You may say I’m a dreamer

Jonne – co-founder of Go Frank – dreams of a fair world for all. But her dreams are rudely awakened by today’s fashion industry. In this new series of articles, she will explain in depth about their crimes, and about the possible antidotes. This first article introduces some of the most pressing issues.

I like to imagine a world in which everybody has enough food to feed their children. A world where people can live and work with dignity. A world in which there is no slavery, child labour or any other human rights violations happening in the production of the things I like so much.

But, as much as I like this picture of the world, it is far from reality. For the clothes that we wear – the new t-shirts, summer dresses and fresh sneakers that we buy – its manufacturers bear rough hardships. The fast fashion industry is characterized by a crazy workload with inhumane targets*, long working hours (a workday of 12 hours is no exception) and extremely low wages (even when a minimum wage is paid, this covers often not even 20% of a family’s living costs). Additionally, workers often must work in factories that are unhealthy and unsafe. In 2013 an entire building collapsed in Dhaka when thousands of workers were trapped inside. This resulted in over 1100 deaths. Not to mention the various forms of forced labour and other horrible practices.

Not only workers have to suffer for our greed to fashion. The environment does not remain unharmed either. The fashion industry is often mentioned as the second most polluting industry, right after oil. And even though the numbers are hard to calculate and there’s different lists in circulation, it shows the gravity of the problem. Use of chemicals, extensive water use, emissions for production and transport and massive textile landfill all add to global warming and environmental pollution.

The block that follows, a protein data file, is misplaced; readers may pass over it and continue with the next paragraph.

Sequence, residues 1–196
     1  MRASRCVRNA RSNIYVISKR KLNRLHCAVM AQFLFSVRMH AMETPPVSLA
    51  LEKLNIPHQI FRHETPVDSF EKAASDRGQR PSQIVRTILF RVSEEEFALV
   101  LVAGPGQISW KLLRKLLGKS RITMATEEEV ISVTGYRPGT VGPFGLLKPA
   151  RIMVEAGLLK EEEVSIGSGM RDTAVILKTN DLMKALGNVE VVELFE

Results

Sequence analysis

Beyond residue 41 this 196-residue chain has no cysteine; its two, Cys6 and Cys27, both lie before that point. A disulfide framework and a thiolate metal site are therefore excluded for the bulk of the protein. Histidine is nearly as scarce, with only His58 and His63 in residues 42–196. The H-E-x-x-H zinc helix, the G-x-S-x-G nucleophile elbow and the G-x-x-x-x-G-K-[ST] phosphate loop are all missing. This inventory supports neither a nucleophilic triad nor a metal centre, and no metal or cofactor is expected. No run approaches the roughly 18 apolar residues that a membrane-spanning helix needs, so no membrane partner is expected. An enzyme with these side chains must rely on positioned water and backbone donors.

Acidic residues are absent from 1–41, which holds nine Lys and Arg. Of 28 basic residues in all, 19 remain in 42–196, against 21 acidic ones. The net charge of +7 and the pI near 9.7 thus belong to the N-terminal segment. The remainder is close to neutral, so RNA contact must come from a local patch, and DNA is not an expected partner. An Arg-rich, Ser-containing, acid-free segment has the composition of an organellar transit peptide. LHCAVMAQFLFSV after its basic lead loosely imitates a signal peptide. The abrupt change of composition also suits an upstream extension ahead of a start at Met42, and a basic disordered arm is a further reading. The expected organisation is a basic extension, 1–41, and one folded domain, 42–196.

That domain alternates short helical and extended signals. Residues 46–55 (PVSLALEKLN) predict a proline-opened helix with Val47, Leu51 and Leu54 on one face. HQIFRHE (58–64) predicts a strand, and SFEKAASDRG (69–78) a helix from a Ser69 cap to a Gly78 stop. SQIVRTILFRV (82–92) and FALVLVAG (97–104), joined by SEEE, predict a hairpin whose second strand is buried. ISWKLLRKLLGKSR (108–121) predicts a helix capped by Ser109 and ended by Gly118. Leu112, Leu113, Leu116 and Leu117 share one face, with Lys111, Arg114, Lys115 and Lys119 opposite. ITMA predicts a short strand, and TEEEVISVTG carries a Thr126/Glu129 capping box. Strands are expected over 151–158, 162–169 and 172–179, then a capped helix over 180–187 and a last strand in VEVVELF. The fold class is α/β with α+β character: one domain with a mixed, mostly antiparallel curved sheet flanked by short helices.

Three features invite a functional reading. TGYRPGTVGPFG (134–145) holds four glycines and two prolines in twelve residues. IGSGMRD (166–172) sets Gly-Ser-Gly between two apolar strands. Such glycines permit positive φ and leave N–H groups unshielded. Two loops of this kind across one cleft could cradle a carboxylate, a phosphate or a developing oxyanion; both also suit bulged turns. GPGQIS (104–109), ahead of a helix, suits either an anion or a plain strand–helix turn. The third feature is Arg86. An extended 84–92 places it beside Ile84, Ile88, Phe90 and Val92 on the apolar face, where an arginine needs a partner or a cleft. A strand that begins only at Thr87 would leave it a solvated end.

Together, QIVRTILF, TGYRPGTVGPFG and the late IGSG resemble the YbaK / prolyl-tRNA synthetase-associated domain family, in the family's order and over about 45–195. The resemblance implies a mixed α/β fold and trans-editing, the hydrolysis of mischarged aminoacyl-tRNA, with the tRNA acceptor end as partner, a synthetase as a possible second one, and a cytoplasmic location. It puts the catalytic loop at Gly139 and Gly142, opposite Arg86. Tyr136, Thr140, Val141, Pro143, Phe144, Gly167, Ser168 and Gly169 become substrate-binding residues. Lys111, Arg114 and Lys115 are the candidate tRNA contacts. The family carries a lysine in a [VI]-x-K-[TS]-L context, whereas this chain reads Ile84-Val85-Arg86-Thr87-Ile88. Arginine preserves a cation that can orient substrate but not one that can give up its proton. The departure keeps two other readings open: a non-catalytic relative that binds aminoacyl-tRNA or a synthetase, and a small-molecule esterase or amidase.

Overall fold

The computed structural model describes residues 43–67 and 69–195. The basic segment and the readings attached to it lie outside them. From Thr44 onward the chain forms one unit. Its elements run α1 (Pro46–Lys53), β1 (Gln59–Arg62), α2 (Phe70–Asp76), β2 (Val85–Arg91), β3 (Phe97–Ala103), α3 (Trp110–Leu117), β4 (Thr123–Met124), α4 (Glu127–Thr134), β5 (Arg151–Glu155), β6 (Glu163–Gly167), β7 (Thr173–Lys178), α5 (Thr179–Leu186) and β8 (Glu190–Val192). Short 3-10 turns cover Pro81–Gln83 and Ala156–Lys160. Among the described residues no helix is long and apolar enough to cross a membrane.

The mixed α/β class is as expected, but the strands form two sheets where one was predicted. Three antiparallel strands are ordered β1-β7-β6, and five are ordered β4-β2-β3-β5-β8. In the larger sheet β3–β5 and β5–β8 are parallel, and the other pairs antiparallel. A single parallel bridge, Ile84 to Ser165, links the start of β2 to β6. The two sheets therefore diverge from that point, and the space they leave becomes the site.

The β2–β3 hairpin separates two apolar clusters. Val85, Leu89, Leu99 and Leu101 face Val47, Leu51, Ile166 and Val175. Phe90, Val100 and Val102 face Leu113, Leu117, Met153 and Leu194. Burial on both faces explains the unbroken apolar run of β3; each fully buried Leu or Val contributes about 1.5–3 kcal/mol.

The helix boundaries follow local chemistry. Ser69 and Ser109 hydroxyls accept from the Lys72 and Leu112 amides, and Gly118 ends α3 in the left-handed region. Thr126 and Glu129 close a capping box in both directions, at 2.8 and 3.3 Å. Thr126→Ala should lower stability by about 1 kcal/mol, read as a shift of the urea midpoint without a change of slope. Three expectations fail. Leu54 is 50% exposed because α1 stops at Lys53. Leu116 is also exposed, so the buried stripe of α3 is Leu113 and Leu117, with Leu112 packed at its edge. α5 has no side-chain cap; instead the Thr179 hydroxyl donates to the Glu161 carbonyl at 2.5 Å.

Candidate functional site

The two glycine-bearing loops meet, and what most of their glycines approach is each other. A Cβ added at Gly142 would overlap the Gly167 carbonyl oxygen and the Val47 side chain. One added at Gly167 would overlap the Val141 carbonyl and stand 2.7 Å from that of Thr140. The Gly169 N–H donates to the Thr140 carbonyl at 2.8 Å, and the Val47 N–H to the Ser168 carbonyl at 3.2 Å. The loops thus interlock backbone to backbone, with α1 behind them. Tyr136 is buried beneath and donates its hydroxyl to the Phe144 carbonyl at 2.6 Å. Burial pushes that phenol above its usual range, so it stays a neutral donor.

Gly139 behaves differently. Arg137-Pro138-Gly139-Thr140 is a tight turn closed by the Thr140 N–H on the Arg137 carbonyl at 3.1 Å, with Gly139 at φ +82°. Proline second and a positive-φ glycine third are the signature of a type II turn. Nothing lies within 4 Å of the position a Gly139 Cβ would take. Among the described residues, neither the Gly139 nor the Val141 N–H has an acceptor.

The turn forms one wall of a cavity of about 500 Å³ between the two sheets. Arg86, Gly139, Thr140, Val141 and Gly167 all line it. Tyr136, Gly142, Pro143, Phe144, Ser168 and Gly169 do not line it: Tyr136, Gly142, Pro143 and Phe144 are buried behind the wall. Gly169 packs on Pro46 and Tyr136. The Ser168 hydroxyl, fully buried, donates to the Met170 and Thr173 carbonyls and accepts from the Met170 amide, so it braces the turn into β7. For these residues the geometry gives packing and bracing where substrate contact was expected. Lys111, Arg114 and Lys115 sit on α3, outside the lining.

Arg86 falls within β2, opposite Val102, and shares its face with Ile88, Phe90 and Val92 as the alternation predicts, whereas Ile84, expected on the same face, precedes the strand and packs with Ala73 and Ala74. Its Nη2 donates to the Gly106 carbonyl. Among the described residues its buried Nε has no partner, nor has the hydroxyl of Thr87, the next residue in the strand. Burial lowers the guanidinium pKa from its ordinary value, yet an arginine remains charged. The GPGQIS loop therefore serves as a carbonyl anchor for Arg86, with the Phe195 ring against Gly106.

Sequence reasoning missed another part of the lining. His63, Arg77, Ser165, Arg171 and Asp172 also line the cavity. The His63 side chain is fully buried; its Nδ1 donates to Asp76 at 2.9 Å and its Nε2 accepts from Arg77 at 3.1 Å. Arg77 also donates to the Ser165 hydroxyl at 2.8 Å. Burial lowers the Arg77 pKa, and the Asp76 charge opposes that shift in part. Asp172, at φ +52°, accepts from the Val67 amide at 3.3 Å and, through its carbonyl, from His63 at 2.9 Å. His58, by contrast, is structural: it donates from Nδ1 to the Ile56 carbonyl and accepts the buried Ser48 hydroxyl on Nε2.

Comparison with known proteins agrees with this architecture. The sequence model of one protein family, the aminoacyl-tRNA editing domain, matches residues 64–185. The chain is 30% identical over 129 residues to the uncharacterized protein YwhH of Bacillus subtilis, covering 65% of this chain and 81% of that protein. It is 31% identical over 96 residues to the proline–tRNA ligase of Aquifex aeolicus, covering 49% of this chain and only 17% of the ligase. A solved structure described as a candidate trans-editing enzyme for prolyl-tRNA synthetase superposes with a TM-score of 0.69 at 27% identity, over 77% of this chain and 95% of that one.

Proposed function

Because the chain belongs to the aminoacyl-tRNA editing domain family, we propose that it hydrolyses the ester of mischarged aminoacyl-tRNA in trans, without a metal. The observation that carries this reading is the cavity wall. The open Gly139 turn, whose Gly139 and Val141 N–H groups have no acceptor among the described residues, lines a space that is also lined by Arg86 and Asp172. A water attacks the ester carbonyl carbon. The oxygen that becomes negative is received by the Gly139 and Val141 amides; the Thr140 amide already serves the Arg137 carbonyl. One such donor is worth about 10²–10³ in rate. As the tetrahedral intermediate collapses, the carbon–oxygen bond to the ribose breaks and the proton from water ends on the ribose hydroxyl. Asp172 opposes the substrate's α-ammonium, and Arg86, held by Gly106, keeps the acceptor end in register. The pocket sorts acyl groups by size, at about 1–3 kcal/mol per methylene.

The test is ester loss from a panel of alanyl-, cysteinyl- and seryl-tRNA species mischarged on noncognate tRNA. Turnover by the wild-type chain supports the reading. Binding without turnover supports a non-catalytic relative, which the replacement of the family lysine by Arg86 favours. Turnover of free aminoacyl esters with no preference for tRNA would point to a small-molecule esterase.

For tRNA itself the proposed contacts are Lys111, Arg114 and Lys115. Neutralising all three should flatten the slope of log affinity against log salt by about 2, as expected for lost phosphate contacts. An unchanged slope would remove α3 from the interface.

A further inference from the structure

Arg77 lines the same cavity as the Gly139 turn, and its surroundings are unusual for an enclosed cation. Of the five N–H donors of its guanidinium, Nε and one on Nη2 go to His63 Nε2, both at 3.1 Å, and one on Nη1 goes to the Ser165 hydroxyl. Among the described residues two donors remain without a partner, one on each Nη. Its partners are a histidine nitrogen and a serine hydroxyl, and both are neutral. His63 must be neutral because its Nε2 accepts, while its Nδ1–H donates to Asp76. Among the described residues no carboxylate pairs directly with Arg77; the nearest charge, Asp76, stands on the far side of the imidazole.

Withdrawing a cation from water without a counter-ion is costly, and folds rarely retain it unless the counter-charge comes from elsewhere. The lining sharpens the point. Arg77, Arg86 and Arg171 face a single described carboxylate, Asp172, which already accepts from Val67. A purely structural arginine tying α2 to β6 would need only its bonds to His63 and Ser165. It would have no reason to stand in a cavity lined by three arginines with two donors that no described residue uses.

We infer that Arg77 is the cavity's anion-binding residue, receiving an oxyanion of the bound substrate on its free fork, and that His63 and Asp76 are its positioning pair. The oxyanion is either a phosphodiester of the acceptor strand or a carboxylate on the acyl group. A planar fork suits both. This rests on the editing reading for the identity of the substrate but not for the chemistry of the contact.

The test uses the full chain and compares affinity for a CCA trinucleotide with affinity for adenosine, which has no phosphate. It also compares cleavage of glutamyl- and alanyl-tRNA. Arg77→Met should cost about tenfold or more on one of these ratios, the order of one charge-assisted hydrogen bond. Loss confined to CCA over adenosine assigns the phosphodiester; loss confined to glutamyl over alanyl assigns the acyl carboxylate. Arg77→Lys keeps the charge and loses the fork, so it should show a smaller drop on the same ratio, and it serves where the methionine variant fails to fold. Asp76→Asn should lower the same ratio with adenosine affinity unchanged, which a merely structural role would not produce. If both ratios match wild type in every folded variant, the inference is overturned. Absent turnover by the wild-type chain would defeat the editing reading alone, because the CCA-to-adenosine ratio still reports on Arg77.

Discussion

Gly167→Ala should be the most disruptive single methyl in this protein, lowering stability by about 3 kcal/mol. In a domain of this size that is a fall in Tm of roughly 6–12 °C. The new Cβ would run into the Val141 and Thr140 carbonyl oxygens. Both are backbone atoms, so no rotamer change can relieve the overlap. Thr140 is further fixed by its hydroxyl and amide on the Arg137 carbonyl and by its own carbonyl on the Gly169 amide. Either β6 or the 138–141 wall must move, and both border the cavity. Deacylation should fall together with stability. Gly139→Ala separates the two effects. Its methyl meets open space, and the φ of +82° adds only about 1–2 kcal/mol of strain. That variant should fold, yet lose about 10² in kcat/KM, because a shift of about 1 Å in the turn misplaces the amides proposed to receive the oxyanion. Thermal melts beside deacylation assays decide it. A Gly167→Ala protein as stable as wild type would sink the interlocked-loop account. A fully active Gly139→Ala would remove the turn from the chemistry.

“Buy less, choose well, make it last.” – Vivienne Westwood

So this is the sad side of the story.  You have probably heard this story at least once before. Which leaves us to the important question: how can we stop this? How can we have a positive effect, or at least reduce our own negative effect?

Well. One important aspect is to be critical about the clothes we buy. As mentioned before, it is mainly the fast fashion companies that fuel the bad conditions of the garment industry. They try to produce as much as possible, as quickly as possible and as cheaply as possible. They even reduce the quality of their clothes, to ensure we keep  on buying. Instead we need to buy less, only buying clothes which are made by workers who receive a fair payment and produced with respect for the environment. In other words, high quality slow fashion – that will last.

In the coming articles, we will explain more about the wrongdoings of the fast fashion industry and how other brands try to tackle these issues with their productions. Because I still believe it is possible for my – sadly imagined – beautiful world to become reality. One day.

“You may say I’m a dreamer, but I’m not the only one. I hope someday you’ll join us, and the world will live as one.”

Want to learn more about the way our fast fashion is produced? Watch the True Cost documentary on Netflix!